MACON, Ga. — Two Macon hospitals, Coliseum Medical Centers and Coliseum Northside Hospital, will soon have a new owner--Piedmont Healthcare. It's a nonprofit.
But Macon-Bibb County's Mayor says that nonprofit status will hurt the county's bottom line.
Piedmont's CEO Kevin Brown spoke to 13WMAZ earlier this week, saying this deal would be beneficial for the people of Central Georgia, but Mayor Lester Miller says it means the county and school district's budget will take an unexpected $2 million hit.
"This is completely a surprise to me," Miller said.
Right now, Coliseum Medical Centers and Coliseum Northside Hospital pay the regular Bibb County property tax rate, according to the mayor, but soon, that may change.
That's because their potential new owner, Piedmont Healthcare, is a nonprofit and is not required to pay taxes.
"The profits that we make we put back into services into the community," Brown told 13WMAZ on Monday.
Mayor Lester Miller says this will be at least a $900,000 loss for the school district.
"There's plenty of needs to need to be met. For instance, we've been out of school, virtual almost a year, and children fallen behind, so it's gonna be a need to have even more resources put toward students in school," Miller said.
And on top of that, he says it will be an over $1 million loss for the county budget.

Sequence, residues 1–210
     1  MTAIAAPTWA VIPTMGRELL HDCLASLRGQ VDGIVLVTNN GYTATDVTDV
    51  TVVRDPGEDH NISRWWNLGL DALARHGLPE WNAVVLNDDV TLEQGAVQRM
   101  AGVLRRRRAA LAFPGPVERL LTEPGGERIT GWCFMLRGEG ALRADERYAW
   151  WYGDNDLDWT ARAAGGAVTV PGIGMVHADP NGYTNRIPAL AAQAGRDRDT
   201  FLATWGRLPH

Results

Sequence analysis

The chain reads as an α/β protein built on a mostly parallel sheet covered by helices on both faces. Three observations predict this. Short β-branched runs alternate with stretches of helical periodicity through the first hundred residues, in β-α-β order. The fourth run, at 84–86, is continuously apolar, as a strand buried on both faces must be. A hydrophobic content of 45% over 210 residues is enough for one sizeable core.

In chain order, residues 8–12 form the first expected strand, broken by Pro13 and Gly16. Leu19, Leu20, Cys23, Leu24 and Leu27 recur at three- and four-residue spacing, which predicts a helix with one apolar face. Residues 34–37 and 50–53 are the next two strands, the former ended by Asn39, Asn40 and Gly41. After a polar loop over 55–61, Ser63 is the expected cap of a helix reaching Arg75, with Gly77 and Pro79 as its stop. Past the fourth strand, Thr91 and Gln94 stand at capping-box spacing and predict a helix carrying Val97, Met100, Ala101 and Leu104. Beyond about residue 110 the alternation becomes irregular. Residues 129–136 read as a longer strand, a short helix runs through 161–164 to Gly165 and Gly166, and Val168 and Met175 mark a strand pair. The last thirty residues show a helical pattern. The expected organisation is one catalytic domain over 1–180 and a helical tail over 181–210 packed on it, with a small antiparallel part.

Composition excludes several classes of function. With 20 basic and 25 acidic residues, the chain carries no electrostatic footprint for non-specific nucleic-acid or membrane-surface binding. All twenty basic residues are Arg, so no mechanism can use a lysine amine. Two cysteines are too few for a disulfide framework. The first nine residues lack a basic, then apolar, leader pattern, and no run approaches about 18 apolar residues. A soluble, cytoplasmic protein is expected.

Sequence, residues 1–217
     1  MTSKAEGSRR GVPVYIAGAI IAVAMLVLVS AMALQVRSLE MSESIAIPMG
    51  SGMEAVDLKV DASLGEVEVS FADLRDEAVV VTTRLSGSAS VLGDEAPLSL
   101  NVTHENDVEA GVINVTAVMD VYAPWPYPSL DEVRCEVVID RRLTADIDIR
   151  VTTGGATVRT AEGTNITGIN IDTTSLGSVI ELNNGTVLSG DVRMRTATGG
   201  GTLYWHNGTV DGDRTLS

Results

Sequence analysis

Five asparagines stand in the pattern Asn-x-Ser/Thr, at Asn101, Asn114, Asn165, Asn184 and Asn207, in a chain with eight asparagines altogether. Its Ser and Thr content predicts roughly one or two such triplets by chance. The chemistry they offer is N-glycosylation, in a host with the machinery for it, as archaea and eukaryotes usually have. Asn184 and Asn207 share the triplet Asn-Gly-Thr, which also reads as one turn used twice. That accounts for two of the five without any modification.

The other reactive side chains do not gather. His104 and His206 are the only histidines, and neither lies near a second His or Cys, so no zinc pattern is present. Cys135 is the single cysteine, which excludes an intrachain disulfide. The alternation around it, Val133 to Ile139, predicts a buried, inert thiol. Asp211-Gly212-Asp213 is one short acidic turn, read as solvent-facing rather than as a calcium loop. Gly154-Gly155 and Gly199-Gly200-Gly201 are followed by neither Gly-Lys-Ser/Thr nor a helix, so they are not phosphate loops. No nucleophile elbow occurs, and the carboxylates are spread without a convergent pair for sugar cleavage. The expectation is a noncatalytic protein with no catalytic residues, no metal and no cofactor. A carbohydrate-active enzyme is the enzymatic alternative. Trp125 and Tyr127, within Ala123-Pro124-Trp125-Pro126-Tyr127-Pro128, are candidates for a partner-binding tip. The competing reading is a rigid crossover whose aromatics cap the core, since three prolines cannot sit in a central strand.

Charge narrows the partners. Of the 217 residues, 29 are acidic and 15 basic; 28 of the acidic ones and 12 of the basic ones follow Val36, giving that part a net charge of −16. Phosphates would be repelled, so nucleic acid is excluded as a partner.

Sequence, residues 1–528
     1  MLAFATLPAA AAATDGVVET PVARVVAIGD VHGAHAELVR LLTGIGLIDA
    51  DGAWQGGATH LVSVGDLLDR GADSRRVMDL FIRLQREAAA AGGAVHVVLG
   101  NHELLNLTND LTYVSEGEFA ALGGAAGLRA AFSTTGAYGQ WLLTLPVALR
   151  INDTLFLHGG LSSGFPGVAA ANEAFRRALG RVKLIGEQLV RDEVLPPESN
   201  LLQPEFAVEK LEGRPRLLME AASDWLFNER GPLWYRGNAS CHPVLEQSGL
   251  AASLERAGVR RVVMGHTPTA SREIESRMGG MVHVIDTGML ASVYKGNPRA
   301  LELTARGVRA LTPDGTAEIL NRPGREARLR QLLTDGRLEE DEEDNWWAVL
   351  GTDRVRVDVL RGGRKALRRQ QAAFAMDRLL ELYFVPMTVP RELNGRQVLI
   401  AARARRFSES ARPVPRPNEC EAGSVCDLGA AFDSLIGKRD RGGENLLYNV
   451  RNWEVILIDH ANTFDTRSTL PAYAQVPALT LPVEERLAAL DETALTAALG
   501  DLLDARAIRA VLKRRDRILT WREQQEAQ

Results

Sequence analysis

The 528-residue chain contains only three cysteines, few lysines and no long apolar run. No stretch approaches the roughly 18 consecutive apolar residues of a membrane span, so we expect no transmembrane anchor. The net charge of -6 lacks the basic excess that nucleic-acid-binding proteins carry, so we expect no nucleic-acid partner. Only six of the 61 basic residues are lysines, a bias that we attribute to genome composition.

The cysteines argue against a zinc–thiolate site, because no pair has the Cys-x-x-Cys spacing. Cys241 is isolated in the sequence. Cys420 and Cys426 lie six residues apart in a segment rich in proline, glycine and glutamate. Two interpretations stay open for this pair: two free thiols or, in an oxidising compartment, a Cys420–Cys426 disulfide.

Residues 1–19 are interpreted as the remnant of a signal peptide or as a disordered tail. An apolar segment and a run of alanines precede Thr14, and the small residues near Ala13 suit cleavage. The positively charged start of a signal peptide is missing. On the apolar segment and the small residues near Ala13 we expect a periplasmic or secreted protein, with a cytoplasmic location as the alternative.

"We have to either increase the revenue stream by a million dollars or we have to grow the community a million dollars, or we have to make cuts up to a million dollars, and the last thing we want to do in this environment is to cut services," Miller said.
Miller says this tax loss came at the wrong time. He says when he started his term in January, he knew the county needed to come up with $15 million.
He says the county is expecting some economic development that will lighten the hit, and if voters approve a new penny sales tax this year, it could roll back property taxes and bring in more business.
Miller says he wants to be clear that he wants the county to be a good partner with Piedmont and Coliseum. He even suggested that Piedmont could voluntarily pay what they would if their property was taxed.
"If they're unable to do that from a financial standpoint, I think that another way you can do is make sure they hire people and pay them a good ways. I think that by truly taking care and having an outreach for mental health, and for indigent folks that may lead the burden sort of things that counties having to do," Miller said.
Piedmont Healthcare said in a statement that they invests in their communities, adding that in 2019, the healthcare system provided $340 million in uncompensated care and community benefit programming.
Piedmont says the deal has not gotten final regulatory approval. Andrea Crutchfield, the county's Chief Tax Appraiser, says so far, her office has not received an application for a non profit exemption.
Piedmont Healthcare Statement to 13WMAZ:
Piedmont has a record of operating efficiently and reducing costs. Our cost per unit (per patient) is less now than it was in 2013.
Additionally, as a nonprofit, Piedmont invests in its communities. In its Fiscal Year 2019, Piedmont provided $340 million in uncompensated care and community benefit programming to the communities we serve. In 2019 the Georgia Hospital Association estimated that Piedmont generated $5.6 billion in revenue for the local and state economy. Lastly, Piedmont also has a record of renovating and expanding facilities in communities that join its system, including projects currently in progress at Piedmont Athens Regional and Piedmont Rockdale Hospital.